Streetsboro -- Superintendent Michael Daulbaugh thanked Streetsboro city leaders for supporting two renewal school levies on the Nov. 4 election ballot.
City Council unanimously approved a resolution in support of the two levies Aug. 25. The last time Council voted to support a school levy was in 2003.
"The School Board and I appreciate the spirit of cooperation this resolution represents," Daulbaugh said. "These levies are essential to the operation of the school district. The resolution shows that Council and Mayor Glenn Broska understand the school district's financial needs."
The Board of Education is asking voters to renew 3.5 mill and 3.9 mill operating levies. Streetsboro taxpayers will not see an increase in property taxes if the renewal levies are approved, Daulbaugh said. Voters initially passed both levies in 2010.
The owner of a $100,000 home currently pays about $227 a year on the two levies, according to Treasurer Catherine Rouse. She said the levies generate about $3 million combined for school operating funds. Both levies are set to expire in December of 2014, but will collect through December of 2015.
"One of the few surefire ways that we can guarantee the future success of both our community and the next generation is to support our schools," Broska said. "It is the duty of the adults today to foster a community that puts our children first and arms them with the tools, education and experiences to be the next generation of leaders."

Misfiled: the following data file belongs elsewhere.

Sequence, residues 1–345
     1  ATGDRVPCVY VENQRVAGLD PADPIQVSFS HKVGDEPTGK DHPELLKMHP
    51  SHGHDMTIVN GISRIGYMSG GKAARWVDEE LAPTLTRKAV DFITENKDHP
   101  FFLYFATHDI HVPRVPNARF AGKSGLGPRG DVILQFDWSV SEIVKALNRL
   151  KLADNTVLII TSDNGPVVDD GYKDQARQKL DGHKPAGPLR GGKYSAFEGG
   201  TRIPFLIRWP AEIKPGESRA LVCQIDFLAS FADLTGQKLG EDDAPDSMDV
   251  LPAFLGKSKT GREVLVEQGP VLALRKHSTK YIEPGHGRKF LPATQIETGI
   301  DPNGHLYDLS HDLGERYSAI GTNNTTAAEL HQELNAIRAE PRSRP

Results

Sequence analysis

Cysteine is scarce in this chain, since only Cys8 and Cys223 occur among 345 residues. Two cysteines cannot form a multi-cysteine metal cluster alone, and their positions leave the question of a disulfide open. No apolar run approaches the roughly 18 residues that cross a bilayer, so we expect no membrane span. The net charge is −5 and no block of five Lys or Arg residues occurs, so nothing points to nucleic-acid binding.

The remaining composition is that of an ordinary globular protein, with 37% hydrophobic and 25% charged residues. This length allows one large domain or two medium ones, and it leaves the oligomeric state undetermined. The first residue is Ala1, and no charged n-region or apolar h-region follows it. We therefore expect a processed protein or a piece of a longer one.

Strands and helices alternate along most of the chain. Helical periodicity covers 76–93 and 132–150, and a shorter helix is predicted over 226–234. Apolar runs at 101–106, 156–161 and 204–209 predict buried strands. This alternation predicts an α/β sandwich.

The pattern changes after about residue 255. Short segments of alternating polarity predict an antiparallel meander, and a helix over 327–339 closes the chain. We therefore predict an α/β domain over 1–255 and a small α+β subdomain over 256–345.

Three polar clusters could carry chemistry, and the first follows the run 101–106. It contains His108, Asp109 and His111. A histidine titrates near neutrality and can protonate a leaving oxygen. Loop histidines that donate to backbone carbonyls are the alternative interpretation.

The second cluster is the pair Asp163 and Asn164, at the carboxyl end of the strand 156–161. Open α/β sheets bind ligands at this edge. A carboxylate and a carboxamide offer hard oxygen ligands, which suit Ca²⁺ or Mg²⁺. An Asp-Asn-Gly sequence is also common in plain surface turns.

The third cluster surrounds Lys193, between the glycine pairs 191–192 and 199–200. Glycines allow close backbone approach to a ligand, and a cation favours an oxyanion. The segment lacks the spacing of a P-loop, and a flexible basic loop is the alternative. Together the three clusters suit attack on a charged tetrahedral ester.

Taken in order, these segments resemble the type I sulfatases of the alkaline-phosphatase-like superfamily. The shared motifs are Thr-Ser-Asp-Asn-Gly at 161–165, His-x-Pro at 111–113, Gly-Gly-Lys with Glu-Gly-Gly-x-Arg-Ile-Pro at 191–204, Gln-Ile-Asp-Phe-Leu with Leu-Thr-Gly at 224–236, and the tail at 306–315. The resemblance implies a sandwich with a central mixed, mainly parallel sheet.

Council President Julie Field said she believes "strong schools mean a strong community."
"Streetsboro is on the brink of some really awesome things happening, and the schools are a key component," Field said. "Good schools are critical to the overall success of our community."
Board of Education President Andrew Lesak also thanked Council for its support.
"The renewal levies are not a tax increase but do provide critical operating funds," Lesak said. "Operating funds are used to keep the schools running. They are separate and different from building funds. Operating funds pay for books, technology, utilities, transportation and staff salaries.
"The district is grateful to our community members for their continued support which enables us to do the best job possible for our students."
Council Vice President Bridget Pavlick said supporting the levies is "the right thing to do."
"School levies are important for the children's education and their future," Pavlick said. "Our children deserve the best we can afford to give them."
Council member Tim Claypoole said since they are renewal levies, local property taxpayers will continue to receive a 12.5 percent rollback from the state, "but if these were new levies, local property taxpayers would have to pay 12.5 percent more money for the schools to get the equivalent revenue."
Council member Jeff Allen agreed, saying, "It is imperative that we do everything we can to be fiscally responsible and do our due diligence for the taxpayers. With the 12.5 percent rollback exemption taken off the table last year by the state, it's crucial to make sure we are able to remain grandfathered in. The last thing I want to see in this community is homeowners, families and seniors paying 12.5 percent more for something they already have."
Allen added supporting the levies was "an easy and necessary choice to make."
Claypoole said he believes "a quality school system is a valuable city asset that will increase our property values and improve the quality of life of our citizens and, in particular, the students."
"Without passage, the school district will lose about 14 percent of its general fund revenue, and that would drastically affect the quality of education," Claypoole said.
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